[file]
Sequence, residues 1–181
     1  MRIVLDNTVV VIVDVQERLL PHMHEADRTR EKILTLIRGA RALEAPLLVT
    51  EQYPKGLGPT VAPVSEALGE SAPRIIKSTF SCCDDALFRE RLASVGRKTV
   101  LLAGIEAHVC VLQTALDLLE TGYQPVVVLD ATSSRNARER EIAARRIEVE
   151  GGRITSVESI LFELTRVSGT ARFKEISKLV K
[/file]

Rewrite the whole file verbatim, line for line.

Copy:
Sequence, residues 1–181
     1  MRIVLDNTVV VIVDVQERLL PHMHEADRTR EKILTLIRGA RALEAPLLVT
    51  EQYPKGLGPT VAPVSEALGE SAPRIIKSTF SCCDDALFRE RLASVGRKTV
   101  LLAGIEAHVC VLQTALDLLE TGYQPVVVLD ATSSRNARER EIAARRIEVE
   151  GGRITSVESI LFELTRVSGT ARFKEISKLV K